|Used by||Rin Ko|
|“||Rinko was able to penetrate even the famous Ouki's defensive formations with the use of a strange tactic known as the Rindou.||”|
—Mou Gou telling his men about Rindou
The Rindou is a tactical formation used to effectively break through to an enemy's center. It relies on the movement of cavalry troops in two separate circles to draw enemy troops to the sides so the center is left vulnerable to attack. It is named for its spiral motion on the battlefield in terms of troop movements when using the move. The only known user of this formation in the series is Rin Ko.
The formation is first seen in the sixth day of battle between the forces of the Zhao general Rin Ko and Qin generals Ei Bi and Do Mon when both armies fought on the Rui Plains. It has been used by the Zhao general in his previous battles against Great General Ō Ki.
The formation has been seen performed by Wei cavalry troops as they whip up a dust storm, riding in circles as two separate units. The two circles slowly move forward, chipping away at any enemies caught on the edges. It appears to be attacking the left and right flanks of the enemy but in reality, the circular motion drives enemy forces to the sides thus weakening the center. This is followed by the troops in both circles converging on the weakened center thereby breaking through their front lines to reach an intended target which is usually an enemy general.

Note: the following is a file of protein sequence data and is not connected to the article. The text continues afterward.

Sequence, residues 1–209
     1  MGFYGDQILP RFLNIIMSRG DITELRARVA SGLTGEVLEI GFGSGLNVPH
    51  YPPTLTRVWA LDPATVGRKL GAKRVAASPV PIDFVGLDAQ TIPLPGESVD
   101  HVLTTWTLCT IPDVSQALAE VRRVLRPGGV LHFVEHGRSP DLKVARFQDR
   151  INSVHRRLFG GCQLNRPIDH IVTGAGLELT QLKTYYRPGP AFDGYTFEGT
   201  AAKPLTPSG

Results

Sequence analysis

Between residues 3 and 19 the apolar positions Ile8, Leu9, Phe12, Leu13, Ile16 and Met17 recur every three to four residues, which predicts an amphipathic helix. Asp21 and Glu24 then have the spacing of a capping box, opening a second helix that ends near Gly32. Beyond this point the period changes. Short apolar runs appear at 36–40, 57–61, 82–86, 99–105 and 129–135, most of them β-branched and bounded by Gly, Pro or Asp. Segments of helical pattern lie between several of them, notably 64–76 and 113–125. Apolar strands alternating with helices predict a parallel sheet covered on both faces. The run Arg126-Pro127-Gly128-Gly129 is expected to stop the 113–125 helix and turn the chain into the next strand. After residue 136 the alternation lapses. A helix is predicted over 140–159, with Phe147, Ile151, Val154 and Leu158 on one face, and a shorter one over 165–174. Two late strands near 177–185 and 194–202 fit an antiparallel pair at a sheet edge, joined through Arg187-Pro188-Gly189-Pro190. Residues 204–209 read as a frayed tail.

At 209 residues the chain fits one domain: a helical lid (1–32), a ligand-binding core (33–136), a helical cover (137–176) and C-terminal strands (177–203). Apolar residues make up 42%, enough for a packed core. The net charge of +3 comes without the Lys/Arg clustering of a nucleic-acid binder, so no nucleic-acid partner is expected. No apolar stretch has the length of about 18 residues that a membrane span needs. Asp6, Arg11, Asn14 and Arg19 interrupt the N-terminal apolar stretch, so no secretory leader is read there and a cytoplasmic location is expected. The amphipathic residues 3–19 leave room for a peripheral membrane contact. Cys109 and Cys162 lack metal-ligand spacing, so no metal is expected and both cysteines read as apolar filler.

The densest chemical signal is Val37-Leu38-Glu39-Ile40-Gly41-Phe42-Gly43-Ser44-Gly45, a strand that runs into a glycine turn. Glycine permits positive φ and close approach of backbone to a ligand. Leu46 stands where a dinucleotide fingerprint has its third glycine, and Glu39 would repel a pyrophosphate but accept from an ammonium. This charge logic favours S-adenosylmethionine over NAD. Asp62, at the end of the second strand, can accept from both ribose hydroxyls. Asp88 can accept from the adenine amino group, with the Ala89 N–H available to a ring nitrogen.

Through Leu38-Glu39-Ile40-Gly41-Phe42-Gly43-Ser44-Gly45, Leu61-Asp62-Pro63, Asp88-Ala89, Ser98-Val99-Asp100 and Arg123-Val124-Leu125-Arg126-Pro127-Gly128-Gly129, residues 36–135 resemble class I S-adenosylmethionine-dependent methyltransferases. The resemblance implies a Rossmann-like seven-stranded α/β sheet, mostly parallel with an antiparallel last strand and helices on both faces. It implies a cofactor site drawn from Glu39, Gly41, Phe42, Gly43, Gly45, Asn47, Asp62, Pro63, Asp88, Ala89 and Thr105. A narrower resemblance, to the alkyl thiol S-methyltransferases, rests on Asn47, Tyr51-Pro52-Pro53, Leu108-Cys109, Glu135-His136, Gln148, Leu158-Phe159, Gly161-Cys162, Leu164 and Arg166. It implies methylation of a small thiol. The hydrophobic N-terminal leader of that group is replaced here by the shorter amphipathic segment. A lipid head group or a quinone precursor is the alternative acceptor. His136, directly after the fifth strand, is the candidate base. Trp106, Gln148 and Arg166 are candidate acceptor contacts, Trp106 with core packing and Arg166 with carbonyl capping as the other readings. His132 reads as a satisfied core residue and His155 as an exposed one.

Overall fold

Strengths & WeaknessesEdit
Its strength is in its versatility, break-through power and ability to fool the enemy into making the wrong moves as most generals would defend the two sides, not knowing that they are drawing from the center troops to do so. Visually, it can confuse troops as the target is not seen until it is too late to defend and since generals are surrounded by their troops, sighting them as a target is easy for any user of this move.
The weakness is that there must be a stable target and properly trained cavalry. If an enemy general changes position constantly, the Rindou cannot effectively kill him in one swoop. Keeping the riders in sync is another issue as the Wei troops were struggling with maintaining the motion, some of them falling down if they could not keep up and being trampled by the horses.